Dutch Man Builds Own 3D Printer out of Colorfabb XT Filament & It’s Amazing

Share this Article

xtfeaturedWe are constantly seeing new 3D printers hit the market. There are big ones, small ones, wooden printers, metal printers, printers with single extruders or even quad extruders, but we have yet to see one quite is unique as the one in which a man named Harold Reedijk from the Netherlands has created.

There are a lot of 3D printers out there that are built with 3D printed parts themselves. This is seen quite a bit within the RepRap movement, but we have also begun to see some 3D printer manufacturers mass producing their own parts on 3D printers. For example, Lulzbot has a warehouse of 3D printers that are continuously printing parts for their line of machines.

IMG_8971Harold Reedijk, who has over 14 years experience with computer system engineering and software programming, decided to take another approach though. Reedijk, who has owned an Ultimaker Original 3D printer for over two years now, has always enjoyed hacking his printer by adding and replacing different parts. He has built his own heated print bed, and even replaced the entire hot-end on his Ultimaker.

“After a while I asked myself whether I could make a printer on my own,” Reedijk tells 3DPrint.com. “I had access to aluminum extrusions, so I decided to use them for the frame. I didn’t want to make the printer entirely from aluminum parts, as it would be too expensive for my budget at that time, and I knew that RepRap printers used printed ABS parts for construction purposes. First I tried PLA. It was hard enough for construction but when there was pressure on the parts they just broke. I didn’t want to use ABS, just because of the bad fumes alone, so I searched for alternatives. At that time ColorFabb came out with XT. I bought a spool, printed some test parts to test the general strength, toughness and impact strength, and it exceeded my expectations.”

IMG_8980Reedijk decided to go ahead and use the ColorFabb XT to build his 3D printer, and since then it is really the only filament he ever uses for printing.

Looking at his Ultimaker Original, which he was very happy with, he based his new XT 3D Printer on its design. However, he elected to increase its print volume to 220 x 220 x 215mm, add a heated print bed, including an integrated power supply, and use a Ubis ceramic hotend.

“I drew the aluminum extrusions of the printer in my 3D program around the print-bed dimensions and then created the parts to make the frame construction,” Reedijk tells 3DPrint.com. “After that I sourced all the parts, built up the printer, step by step, drew all the XT parts and printed them out. At that time, I thought I knew enough about 3D printing, but during the build process I learned a lot more about printing itself (temperatures, print orientations, effects of cooling, etc.), the material XT itself, and the do’s and don’ts when making a printer.”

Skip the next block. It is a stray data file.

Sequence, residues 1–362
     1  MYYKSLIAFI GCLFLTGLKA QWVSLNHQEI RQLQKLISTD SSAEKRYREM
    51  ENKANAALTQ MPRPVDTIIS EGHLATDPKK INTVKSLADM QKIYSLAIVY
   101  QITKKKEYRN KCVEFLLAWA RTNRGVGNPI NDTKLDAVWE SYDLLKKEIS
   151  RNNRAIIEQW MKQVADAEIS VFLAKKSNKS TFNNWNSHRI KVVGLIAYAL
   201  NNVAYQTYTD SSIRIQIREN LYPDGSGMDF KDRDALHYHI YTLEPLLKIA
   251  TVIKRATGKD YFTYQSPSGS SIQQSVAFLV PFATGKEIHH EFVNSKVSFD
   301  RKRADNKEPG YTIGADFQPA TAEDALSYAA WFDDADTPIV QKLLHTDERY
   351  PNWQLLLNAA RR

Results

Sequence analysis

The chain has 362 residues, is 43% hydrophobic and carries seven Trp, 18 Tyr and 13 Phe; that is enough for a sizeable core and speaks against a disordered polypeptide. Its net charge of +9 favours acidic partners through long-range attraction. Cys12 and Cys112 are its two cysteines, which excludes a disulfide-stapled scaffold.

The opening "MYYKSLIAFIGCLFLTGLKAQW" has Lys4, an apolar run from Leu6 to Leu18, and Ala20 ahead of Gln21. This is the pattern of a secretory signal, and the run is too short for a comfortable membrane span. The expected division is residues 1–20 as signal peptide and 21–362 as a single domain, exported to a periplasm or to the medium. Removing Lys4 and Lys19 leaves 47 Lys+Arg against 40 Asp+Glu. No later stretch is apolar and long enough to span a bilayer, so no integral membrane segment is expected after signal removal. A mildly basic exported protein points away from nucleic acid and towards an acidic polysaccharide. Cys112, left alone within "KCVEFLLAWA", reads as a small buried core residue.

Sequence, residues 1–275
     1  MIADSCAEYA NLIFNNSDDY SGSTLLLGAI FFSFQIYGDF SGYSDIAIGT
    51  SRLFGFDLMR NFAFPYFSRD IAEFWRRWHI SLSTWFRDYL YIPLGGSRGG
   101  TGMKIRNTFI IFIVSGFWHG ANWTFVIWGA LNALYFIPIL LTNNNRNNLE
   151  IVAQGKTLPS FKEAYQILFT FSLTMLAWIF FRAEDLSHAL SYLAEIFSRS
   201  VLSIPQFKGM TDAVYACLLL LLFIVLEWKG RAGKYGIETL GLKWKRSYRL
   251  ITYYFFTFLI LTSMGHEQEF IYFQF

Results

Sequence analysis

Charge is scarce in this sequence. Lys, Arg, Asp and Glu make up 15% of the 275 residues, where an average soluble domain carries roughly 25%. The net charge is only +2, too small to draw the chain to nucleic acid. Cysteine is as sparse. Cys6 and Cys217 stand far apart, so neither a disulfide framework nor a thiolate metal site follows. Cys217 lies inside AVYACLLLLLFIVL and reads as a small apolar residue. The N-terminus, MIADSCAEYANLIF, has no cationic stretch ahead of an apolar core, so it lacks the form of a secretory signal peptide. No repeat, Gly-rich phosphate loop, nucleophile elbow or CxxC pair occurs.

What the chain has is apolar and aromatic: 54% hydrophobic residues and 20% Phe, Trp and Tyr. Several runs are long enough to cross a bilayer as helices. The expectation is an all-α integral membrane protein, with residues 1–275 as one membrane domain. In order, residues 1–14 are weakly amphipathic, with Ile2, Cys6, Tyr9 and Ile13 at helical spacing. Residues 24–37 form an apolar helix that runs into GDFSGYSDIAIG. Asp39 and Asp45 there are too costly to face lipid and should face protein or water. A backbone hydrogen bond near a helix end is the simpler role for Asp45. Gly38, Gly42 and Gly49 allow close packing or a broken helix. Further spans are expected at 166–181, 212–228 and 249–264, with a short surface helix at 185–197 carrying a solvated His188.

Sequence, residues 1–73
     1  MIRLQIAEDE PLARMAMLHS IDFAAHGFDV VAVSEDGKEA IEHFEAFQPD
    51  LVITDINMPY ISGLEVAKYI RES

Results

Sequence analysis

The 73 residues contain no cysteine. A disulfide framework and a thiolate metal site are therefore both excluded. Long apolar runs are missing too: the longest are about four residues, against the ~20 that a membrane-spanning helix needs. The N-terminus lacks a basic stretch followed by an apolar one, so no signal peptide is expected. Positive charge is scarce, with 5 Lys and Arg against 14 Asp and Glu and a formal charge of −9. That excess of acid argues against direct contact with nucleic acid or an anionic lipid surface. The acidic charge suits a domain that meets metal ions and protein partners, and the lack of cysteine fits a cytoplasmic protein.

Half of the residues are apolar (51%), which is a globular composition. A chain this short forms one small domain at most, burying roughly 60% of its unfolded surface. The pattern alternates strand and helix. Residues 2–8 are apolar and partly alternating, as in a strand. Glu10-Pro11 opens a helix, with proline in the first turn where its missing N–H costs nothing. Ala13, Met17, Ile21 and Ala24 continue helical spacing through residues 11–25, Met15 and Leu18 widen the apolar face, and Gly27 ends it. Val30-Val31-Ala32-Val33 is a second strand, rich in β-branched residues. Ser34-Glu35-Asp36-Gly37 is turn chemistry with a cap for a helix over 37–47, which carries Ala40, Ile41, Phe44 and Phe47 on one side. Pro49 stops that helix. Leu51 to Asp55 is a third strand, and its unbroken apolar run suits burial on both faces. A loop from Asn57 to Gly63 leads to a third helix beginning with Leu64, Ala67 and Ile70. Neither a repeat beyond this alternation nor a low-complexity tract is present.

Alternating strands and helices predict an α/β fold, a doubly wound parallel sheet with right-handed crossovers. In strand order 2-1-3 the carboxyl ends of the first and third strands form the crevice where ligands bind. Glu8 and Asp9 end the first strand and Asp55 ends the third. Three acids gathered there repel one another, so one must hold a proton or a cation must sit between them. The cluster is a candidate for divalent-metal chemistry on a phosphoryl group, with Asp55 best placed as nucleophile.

IMG_8982

The end results are a 3D printer that functions extremely well, and looks equally as nice. As for Reedijk’s future plans, he is not yet sure if he will sell DIY kits for the XT 3D Printer, or if it will remain a one-of-a-kind machine. If there is interest from others, he will consider the former.

Currently Reedijk is working on launching a new business of his own, which will launch sometime in January. He is developing a new FDM 3D printer which he says is entirely different than this one. It will be targeted toward industrial business use, and more details will be made available on his website in January.

What do you think of Reedijk’s XT 3D printer? Do you like its design? Do you think ColorFabb XT is a better solution than PLA or ABS when 3D printing parts for a 3D printer? Discuss in the XT 3D Printer forum thread on 3DPB.com. Check out the video of Reedijk’s XT 3D Printer below as well as some additional photos.

IMG_8993

IMG_8983

IMG_8972

IMG_8986

Share this Article


Recent News

London: 3D Printing the Double-Ridged Horn Antenna for Biomedical Monitoring

Bioprinting Hot Dogs with Hierarchical Structures



Categories

3D Design

3D Printed Art

3D Printed Food

3D Printed Guns


You May Also Like

China: Improving Cell Viability by Refining Structural Design in Scaffolds

Chinese researchers are seeking new ways to create stronger cell growth and sustainability in scaffolds. With their findings outlined in the recently published, ‘Structure-induced cell growth by 3D printing of...

Interview with Johnson & Johnson’s Bioprinting Lead Orchid Garcia

Orchid Garcia is a Research Fellow and Lead for 3D Bioprinting and Tissue Regen Technologies at Johnson & Johnson. As Johnson & Johnson’s technical lead for bioprinting she is both...

Digilab: On the State of Bioprinting Today

In a recent interview with Digilab‘s CEO Sidney Braginsky, Senior Applications Manager Igor Zlatkin, and John Moore, President and COO, 3DPrint.com got a glimpse of the focus, future, and advances...

Vienna: 3D printing Prototypes for Cutting the Cost of Lab-on-a-Chip & Organ-on-a-Chip Systems

A variety of new microfabrication methods are available now for creating rapid prototypes and new systems, and Vienna University of Technology researchers explain new research in ‘Characterization of four functional...


Shop

View our broad assortment of in house and third party products.


Print Services

Subscribe To Our Newsletter

Subscribe To Our Newsletter

Join our mailing list to receive the latest news and updates from our 3DPrint.com.

You have Successfully Subscribed!